Storytelling, Strangers Turned Soulmates & an Experience for the Ages
How do strangers feel like people you have been known by all your life? How do days feel like years? How is a feeling felt this deeply?
One month ago, I travelled three thousand eight-hundred and fifty miles to the Appalachian mountains of North Carolina to attend a writing retreat with my favourite author, Jedidiah Jenkins.
And it was nothing less than everything I hoped it would be and so much more:
Dinners over the Blue Ridge mountains. Journaling on boulders between streams in woods. Phones sealed away and forgotten in envelopes.
Conversations that freed us. Words that changed us. Brave, vulnerable, honest writing that came from a place in our hearts longing to be heard.
Snuggling round a bonfire crying, laughing, singing, sharing. Holding space for one another’s stories and processing what it is to be human, to feel human things.
Charades. Silliness. Summer camp vibes. Late night heart to hearts with people who felt less like strangers and more like kindred souls.
Videos that made us laugh and cry and reminded us what life and love and community is about.
A container of true belonging, storytelling, friendship, love and open-heartedness.
Few things in this world come close to the body, mind and soul joy of being in Jed’s presence.
It takes a special kind of person to take a room of one hundred strangers and create the conditions of intimacy, inspiration, depth, laughter, vulnerability and safety to make us all feel special, noticed and known.
Like this was one place in the world where there was no question in our minds that we belonged.
I think the reason we experienced this level of synergy; this inexplicably strong camaraderie with complete strangers; is because Jed asked the right questions.
He planted the seeds in our hearts to spark the conversations that matter-the kind we don’t always feel brave enough to have.
We fell in love with his spirit and each others’.
He cracked our hearts wide open in the most beautiful and necessary of ways.
And he sent us back out into the big wide world believing again in the magic of things, the beauty of people and the possibility of true, meaningful connection.
“Having your wounds kissed by someone who doesn’t see them as disasters in your soul but cracks to put their love into is the most calming thing in the world”
When I think of what we experienced together, I think of these words by Emery Allen.
I’ve been trying to pinpoint what this feeling is in my bones-this feeling so sacred, peaceful, igniting and soul-shifting that it has been scaring me to lose it.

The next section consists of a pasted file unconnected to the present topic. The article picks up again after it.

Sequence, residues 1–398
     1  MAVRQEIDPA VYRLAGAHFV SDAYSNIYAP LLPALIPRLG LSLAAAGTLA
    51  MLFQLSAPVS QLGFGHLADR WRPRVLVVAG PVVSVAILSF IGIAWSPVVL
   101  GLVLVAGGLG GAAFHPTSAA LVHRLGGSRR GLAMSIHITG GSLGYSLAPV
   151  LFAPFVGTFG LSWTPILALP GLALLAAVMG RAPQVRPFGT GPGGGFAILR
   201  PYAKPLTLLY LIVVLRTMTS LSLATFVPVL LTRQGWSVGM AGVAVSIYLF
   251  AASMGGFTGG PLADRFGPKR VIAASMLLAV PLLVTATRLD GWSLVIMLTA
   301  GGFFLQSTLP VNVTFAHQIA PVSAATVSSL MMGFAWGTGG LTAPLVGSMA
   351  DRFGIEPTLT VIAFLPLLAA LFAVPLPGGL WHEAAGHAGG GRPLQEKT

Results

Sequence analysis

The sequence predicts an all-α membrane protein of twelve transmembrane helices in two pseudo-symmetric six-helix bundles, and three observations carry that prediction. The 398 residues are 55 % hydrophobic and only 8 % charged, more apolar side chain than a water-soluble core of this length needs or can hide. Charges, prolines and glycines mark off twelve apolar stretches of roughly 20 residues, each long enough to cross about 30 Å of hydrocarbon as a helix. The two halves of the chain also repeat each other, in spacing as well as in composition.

I think this is what it is; why I feel so moved:
my wounds feel doused.
For the very first time, I feel I am of value. I say that not performatively to give myself an air of self-confidence. But truly and deeply.
I’ve never met people so tender and open-hearted.
Strangers I loved so surely and felt so surely loved back before learning their names.
They inspired me to be a more courageous storyteller & whole-hearted human, less interested in the performance of perfection and more in the depth, bravery and radiance of real connection.
They taught me to stop searching.
That the day our stories end, it matters not what we did but who we were.
That life isn’t about finding our purpose, potential, person, or really finding anything at all.
It’s to be alive to our lives while we have them; living for the experience of life itself and not for some secondary aim.
This week, I was reminded that our longings are universal, that our fear of rejection is equally felt, that our stories of shame leave us with the same need: to be known and loved for who we are beneath it all.
I was reminded that the world is full of unique, iconic souls who have stories worth knowing and are longing to know ours too; to see themselves in ours too.
I feel so much. But mainly one big feeling: that I’m not alone.
Even at our loneliest, our ugliest, our most shameful, unimpressive, insecure or unsure, none of us are alone.
I see now that life is not about impressing people-it’s about connecting with people.
And connection doesn’t require perfection.
In fact, it requires the opposite-to be seen in all of the messy ways we exist before we wake up and put on our masks of pretence and contort ourselves to be what the world wants.
Because there are no flaws-only marks of being human.
This week, I was reminded that there are incredible souls walking amongst us.
Every person we pass has an ocean inside them. Every individual in our street, workplace, voting poll.
Everyone is a universe of thoughts, feelings and insights.
The world is not lacking connection-only spaces we feel safe to share.
And there is comfort in that knowing, because it means we hold the power to create such spaces.
I think that’s why we share stories.
Our way of saying “I’ve felt these things too. I feel them still. But I made it. I’m still here. We’re here together”.
Building community is a craft and Jed does it perfectly-with grace, thoughtfulness and the most comforting & unifying sense of humour.
This is what living is. Friendship, play, self-expression: the things that make being human so incredibly special.
It’s hard to explain what magic combination of elements made this week the vortex of love, camaraderie and inspiration it was.
But when you spend enough time travelling, you realise that the best things in life can’t be captured in words or photographs.
Sometimes, you simply have to be satisfied that you were there, and you saw it, and you felt it, and you lived it, and it was great.
These are the moments that change something within us. The ones we felt in our hearts, not watched through our phones.